Digital Elevation Model
(DEM) of Castle Bay, Alaska
||The skies over the coast of Southwest
Alaska are often too cloudy to permit photogrammetric data collection.
NGS has established a technology validation site at Castle Bay, in Southwest
Alaska, to experiment with various types of mapping imagery. Synthetic
Aperture Radar (SAR) systems may well provide imagery with sufficient metric
characteristics to support shoreline mapping applications. The image above
is a digital elevation model (DEM) formed from SAR data, and rendered by
engineers at NGS. The scene is of a 5 nautical mile stretch of the north
coast of Castle Bay. The DEM used in this image was constructed at Sandia
National Labs (SNL) from interferometric SAR (IFSAR) data acquired by NGS
in the Fall of 1997, aboard the ERIM DCS aircraft.
||The scene below shows a 1 nautical mile
section of this same area. The image is a 1 meter resolution slant plane
image formed by engineers at NGS using image formation code written at
SNL, and from the raw phase history data acquired aboard the ERIM DCS aircraft.
The pronounced drainage pattern visible in the scene is on the south slope
of Chiniak Mountain, a 3400 ft. peak located approximately 1 mile from
the coast. This project was a collaboration between NGS, the Office of
the Coast Survey, and the United States Air Force. Preliminary results
from the experiments were published at the ISPRS Commission III Symposium
in Columbus, Ohio in July of 1998.
SAR Image of the Northwest Arm of Castle Bay, Alaska
||We have mapped the North shore of Castle
Bay using photogrammetry, airborne SAR, and RADARSAT fine mode imagery.
The figure below illustrates the scale and phenomenology differences among
the photography, airborne SAR, and spaceborne SAR data. The area shown
in the scene is about 1 nautical mile.
The aerial photography was flown at 25,000
feet with a resolution of about .5 meters. The airborne SAR was flown at
14,000 feet with a depression angle of 30 degrees and with a resolution
of 1 meter. The RADARSAT imagery was acquired from space and has a resolution
of approximately 8 meters. Aside from scale differences, the images differ
because of phenomenology, SAR layover effect, and height of tide. We have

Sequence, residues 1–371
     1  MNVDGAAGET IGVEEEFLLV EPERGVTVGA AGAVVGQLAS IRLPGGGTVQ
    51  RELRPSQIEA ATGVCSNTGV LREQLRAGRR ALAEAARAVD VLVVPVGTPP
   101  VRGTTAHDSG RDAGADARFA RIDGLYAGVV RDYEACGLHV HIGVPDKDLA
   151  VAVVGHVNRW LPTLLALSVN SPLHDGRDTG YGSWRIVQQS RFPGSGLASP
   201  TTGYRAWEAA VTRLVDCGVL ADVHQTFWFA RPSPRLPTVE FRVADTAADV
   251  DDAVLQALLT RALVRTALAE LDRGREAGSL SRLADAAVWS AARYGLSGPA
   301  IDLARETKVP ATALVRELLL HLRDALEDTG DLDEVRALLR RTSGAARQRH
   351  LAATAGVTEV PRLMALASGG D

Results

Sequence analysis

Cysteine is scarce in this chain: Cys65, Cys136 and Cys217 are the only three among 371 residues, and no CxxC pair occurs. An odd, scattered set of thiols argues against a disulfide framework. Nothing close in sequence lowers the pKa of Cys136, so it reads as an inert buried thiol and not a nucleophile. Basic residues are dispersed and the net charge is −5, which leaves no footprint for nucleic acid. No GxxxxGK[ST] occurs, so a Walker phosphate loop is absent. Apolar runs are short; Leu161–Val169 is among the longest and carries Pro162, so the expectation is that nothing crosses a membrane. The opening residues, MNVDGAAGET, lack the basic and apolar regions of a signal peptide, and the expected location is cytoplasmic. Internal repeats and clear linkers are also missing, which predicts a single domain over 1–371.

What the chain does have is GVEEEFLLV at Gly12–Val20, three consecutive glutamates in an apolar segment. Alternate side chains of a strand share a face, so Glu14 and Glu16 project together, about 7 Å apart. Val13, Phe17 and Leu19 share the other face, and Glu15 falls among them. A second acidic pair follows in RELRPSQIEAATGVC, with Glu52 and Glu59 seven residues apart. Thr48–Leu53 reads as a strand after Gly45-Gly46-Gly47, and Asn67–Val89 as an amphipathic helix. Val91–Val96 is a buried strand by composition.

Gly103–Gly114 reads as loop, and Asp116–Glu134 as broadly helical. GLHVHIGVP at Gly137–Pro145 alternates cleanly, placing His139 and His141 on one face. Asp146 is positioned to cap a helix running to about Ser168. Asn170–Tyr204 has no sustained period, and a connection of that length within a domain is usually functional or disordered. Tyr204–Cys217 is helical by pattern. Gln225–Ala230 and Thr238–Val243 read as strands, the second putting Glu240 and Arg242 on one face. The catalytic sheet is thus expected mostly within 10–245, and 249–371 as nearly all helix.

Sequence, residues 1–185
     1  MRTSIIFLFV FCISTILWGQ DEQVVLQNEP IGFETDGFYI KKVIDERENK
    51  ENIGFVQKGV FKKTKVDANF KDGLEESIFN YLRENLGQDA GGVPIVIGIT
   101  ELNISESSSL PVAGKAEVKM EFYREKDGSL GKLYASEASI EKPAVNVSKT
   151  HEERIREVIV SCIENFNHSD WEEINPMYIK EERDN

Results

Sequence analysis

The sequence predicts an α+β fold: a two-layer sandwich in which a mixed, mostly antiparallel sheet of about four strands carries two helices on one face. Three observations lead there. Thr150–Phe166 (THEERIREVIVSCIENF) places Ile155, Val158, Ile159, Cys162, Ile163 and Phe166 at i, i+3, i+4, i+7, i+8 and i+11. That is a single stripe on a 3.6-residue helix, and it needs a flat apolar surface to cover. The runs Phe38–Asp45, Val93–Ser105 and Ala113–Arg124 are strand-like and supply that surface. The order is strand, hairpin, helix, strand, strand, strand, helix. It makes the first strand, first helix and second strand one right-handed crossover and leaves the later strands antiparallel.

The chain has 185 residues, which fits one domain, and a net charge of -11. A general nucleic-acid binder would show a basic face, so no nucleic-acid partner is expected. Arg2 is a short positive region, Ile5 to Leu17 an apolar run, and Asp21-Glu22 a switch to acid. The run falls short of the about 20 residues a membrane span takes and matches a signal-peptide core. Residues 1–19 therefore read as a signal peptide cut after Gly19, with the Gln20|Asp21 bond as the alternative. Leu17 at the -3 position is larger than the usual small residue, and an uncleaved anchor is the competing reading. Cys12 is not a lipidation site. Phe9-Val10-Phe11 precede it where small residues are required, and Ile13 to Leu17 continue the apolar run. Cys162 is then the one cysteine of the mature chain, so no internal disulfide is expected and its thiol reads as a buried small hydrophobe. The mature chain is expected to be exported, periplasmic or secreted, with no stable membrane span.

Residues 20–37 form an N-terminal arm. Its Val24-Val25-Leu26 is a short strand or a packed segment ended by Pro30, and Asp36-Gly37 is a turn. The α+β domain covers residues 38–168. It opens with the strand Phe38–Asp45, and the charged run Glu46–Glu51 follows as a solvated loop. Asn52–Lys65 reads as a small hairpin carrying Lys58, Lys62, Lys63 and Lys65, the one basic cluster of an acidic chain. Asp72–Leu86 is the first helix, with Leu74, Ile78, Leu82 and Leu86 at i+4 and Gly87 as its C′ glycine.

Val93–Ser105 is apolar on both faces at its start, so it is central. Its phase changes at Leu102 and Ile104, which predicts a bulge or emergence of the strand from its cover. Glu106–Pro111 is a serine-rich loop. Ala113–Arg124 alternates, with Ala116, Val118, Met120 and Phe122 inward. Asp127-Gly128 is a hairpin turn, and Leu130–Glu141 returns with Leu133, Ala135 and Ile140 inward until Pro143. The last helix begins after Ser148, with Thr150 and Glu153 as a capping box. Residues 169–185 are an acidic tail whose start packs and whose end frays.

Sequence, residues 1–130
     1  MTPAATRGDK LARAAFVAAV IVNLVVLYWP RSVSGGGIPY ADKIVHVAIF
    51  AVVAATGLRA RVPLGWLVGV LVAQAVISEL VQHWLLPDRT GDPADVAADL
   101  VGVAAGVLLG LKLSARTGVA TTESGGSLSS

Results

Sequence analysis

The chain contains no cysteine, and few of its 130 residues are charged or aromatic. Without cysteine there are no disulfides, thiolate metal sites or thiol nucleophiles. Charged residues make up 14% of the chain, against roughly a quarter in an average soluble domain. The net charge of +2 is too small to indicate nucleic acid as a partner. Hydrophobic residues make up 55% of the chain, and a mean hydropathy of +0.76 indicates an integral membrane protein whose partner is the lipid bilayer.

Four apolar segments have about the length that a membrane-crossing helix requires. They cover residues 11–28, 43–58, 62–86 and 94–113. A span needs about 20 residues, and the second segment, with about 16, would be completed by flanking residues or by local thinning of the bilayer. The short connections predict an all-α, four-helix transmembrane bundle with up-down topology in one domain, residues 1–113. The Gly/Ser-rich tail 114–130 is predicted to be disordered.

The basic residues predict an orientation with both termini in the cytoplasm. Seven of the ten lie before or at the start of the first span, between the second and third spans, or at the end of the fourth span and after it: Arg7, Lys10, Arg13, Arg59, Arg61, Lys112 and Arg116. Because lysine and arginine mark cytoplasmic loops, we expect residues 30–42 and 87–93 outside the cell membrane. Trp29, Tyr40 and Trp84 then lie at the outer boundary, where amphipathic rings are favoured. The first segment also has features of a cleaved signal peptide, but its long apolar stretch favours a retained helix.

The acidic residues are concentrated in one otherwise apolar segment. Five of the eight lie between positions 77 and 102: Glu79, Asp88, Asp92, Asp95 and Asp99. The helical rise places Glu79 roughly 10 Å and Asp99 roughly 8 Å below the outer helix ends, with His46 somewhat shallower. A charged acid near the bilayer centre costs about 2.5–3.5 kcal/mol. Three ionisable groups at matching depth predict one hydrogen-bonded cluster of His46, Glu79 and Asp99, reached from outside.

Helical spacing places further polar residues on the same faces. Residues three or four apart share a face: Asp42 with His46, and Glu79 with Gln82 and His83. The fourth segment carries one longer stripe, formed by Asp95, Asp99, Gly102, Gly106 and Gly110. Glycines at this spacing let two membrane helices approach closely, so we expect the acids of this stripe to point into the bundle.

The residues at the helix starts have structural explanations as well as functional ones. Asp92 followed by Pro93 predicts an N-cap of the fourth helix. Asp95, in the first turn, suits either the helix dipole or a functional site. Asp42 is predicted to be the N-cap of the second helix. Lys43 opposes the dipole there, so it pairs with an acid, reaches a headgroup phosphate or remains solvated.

ongoing experiments to assess the accuracy of the SAR derived shoreline
by comparing it to the photogrammetrically derived shoreline.
|| Scale differences:
photo, airborne and spaceborne SAR
||In support of the airborne SAR data collection
in the Fall of 1997, NGS conducted a major field campaign to deploy radar
reflectors. The photo at below left shows a NGS surveyor using GPS to position
a radar reflector. The right photo shows a detailed view of the reflectors,
which were 0.6 meter triangles constructed of aluminum. The field team
deployed reflectors at 45 sites in the Castle Bay area.
Positioning a radar reflector
of radar reflector
||The image below illustrates the appearance
of a .6 meter reflector in a 1 meter resolution SAR image. This image was
formed by NGS engineers using the SNL image formation code.
Radar reflector in the SAR image
||The image below shows an analysis of shoreline
mapped from the RADARSAT fine mode imagery. The residual vector represents
the difference from the photogrammetric shoreline plotted in its correct
geographic orientation over an orthophotograph of Castle Bay. Over the
segment of the coast shown the two shorelines agree to within 28 meters
at the 95% confidence level. We have examined the causes of this
difference and we documented our results in a paper presented at the IEEE
conference in Seattle, Washington in September of 1999.